Have you ever heard someone use the term “escheat” in daily life? Unless you work in the legal field, the chances are pretty good that you have never heard anyone, utter a word like escheat; it just doesn’t happen. That’s because escheat is a term of art. While the term may be confusing, what it represents is not.
When something escheats, it means that the title to property transfers to the state. Why does the title to the property transfer to the state? It transfers because two things have occurred: 1) the owner of that property died intestate, and 2) no legally recognized heirs survived that are able to inherent title to the property.
You may also be wondering what it means to say someone died intestate. Dying intestate means that a person dies without having drafted a valid will or trust to dictate to whom the property should be passed.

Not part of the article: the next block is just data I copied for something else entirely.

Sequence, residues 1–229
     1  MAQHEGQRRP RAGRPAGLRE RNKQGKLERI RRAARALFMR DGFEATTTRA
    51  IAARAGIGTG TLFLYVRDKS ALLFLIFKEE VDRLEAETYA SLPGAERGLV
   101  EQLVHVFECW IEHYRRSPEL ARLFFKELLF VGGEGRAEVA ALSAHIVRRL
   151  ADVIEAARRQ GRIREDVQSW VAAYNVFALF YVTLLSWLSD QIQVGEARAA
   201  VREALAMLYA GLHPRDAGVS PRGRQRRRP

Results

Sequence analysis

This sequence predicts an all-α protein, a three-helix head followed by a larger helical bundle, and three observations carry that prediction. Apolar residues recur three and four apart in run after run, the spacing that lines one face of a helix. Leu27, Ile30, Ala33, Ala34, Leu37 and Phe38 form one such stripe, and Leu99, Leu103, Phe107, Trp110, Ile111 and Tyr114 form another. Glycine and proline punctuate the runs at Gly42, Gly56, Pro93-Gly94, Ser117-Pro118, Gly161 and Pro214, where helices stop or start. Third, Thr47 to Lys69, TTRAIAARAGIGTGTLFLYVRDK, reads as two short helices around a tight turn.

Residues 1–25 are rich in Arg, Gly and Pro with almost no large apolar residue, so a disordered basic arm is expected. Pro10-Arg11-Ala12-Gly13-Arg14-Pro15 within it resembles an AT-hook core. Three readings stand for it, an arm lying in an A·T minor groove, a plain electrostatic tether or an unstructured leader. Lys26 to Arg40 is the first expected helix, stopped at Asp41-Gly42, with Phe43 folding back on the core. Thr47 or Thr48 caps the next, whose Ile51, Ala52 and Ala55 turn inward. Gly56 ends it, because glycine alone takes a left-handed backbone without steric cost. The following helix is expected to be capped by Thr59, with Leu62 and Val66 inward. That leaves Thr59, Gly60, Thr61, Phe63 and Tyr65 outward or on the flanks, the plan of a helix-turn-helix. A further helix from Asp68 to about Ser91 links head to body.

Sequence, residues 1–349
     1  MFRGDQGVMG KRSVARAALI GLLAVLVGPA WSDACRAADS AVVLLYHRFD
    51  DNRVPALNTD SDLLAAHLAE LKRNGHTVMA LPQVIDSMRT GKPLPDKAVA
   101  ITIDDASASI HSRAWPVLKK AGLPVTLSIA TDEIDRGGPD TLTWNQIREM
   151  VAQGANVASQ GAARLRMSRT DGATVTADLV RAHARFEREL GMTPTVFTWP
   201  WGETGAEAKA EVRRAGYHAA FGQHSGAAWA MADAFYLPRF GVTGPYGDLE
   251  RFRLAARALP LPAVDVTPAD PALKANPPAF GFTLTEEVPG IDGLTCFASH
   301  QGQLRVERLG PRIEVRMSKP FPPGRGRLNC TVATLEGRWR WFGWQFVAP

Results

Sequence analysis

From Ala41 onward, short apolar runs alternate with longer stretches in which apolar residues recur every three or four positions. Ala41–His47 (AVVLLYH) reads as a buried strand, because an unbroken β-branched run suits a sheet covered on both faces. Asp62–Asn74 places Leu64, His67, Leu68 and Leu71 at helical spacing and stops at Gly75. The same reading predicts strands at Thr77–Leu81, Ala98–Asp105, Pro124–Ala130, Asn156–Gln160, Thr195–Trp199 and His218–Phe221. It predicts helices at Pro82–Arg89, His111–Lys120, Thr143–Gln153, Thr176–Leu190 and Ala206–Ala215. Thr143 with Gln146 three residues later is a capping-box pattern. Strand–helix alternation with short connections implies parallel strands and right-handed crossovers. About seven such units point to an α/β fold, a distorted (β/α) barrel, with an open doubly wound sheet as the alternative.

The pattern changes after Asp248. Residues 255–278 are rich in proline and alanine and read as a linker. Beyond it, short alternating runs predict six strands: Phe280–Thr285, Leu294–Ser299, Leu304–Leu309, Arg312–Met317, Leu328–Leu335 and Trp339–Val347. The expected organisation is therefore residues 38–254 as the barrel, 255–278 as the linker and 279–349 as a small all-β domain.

Now that you know what intestate means, you may be wondering how this pertains to you since you have heirs now, right? Wrong. A person’s heirs cannot be determined until after one dies, and in order for those heirs (if any) to acquire title to the property, they must be an heir that’s recognized by the intestacy statute of the jurisdiction – and this varies from place to place.
In other words, don’t assume that you know who will get your cabin when you die. Meet with an experienced and qualified estate planning attorney and ensure your property goes to the people you want.
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